Oh Jack, as you know I am always saying, "Who am I to judge?"

Michael Petek said...

If you work in investment banking you're not necessarily excommunicate.

All you have to do is to find a camel and pass it through the eye of a needle, and you've made it.

Just another mad Catholic said...

In defence of our dour cousins from Deutschland the Hellenise DID lie through their teeth to get into the Euro in the first place, and to acquire the debt they owed. Having said that it would have been kinder to cut the greeks from the Euro years ago and let the markets sort things out, part of the problem has been an ideological mindset on the part of the ECB and co that the Euro must prevail no matter the cost (although admittedly the Germans aren't singing that line with such enthusiasm any more) and hence the Greeks were given bailout after bailout ............

David O'Neill said...

As a retired bank official I was often faced with the dilemma of someone who wished to borrow money - perhaps for an energy bill. My first thought was always the capability of the borrower to repay the loan, not out of causing harm if they could not pay the bill without the loan but simply that by granting a loan we would be replacing one debt with another to which would be added interest. The question of usury is interesting until you realise that, effectively, banks do not have money, they simply hold funds belonging to those with unused funds and, as we all know, unused funds gather interest. Interest was always explained to me as the 'wages' of unused funds.
Returning to the lending of money. Unless a borrower can reasonably easily repay a loan then lending funds is not helping them. One should always 'cut one's coat to suit the cloth'. The same is true of the Greeks but the main culprit in causing the situation was the European Central Bank which made the loan without making basic checks regarding repayment. Regardless of the Greeks lying or not the ECB had a duty of care to ensure that loaning funds did not overburden the Greek economy when repayments became due. 'Just another mad Catholic' is, sadly, right in saying that "the Euro must prevail" and this has been seen throughout the EU when the Euro was first issued. Prices rose as did wages but not necessarily in the same percentages.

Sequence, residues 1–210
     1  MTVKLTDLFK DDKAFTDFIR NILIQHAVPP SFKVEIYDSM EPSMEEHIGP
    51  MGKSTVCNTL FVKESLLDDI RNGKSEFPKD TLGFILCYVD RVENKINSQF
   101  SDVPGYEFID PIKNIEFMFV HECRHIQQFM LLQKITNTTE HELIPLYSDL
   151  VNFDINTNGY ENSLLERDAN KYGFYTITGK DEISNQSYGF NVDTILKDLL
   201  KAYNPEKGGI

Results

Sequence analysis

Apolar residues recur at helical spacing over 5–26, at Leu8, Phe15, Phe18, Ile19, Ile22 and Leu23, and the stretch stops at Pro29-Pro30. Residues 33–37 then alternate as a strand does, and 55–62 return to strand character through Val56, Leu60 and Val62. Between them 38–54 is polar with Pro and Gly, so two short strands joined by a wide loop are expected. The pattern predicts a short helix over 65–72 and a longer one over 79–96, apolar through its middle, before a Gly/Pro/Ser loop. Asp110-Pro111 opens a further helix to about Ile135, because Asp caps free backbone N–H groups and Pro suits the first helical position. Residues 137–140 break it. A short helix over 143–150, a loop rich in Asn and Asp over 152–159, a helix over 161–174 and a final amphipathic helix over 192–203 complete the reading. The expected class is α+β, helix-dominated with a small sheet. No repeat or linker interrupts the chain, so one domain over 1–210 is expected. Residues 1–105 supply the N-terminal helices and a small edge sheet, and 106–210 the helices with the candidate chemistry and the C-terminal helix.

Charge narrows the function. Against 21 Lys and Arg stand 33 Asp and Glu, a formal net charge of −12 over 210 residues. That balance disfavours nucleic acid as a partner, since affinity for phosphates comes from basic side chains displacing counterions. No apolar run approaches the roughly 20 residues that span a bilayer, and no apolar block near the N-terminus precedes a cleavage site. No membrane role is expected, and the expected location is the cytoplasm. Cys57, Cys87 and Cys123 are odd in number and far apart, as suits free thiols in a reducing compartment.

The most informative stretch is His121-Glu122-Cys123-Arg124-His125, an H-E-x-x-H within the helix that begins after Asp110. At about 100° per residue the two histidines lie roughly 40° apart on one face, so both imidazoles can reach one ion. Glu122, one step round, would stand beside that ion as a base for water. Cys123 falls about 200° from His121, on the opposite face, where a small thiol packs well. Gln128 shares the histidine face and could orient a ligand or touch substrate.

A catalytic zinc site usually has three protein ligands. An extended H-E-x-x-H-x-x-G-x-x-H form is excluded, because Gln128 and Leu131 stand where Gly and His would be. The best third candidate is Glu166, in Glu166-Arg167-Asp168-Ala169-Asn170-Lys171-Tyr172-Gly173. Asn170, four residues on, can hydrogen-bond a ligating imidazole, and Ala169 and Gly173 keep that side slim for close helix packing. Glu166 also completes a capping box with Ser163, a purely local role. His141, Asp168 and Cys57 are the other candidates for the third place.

Thank God we did not join the Euro and' hopefully, we will withdraw from the EU after the promised referendum.

Sadie Vacantist said...

Walter Kasper demands debt forgiveness for middle class divorced German Catholics. I don't hear him campaigning for the same in his own country in respect of the Greek people. Recently, I heard a priest extolling the virtues in a sermon of a Times article in which Timothy Radcliffe advocated killing more Muslims. Curiously, Tim's dear relative and Catholic toff Louise Mensch (who stands to benefit from the restructuring of divorce debt come October), celebrated the collapse of the Greek economy on social media by describing the Greek people as "disgusting".

21st century Catholicism - don't you just love it?

Michael Gormally said...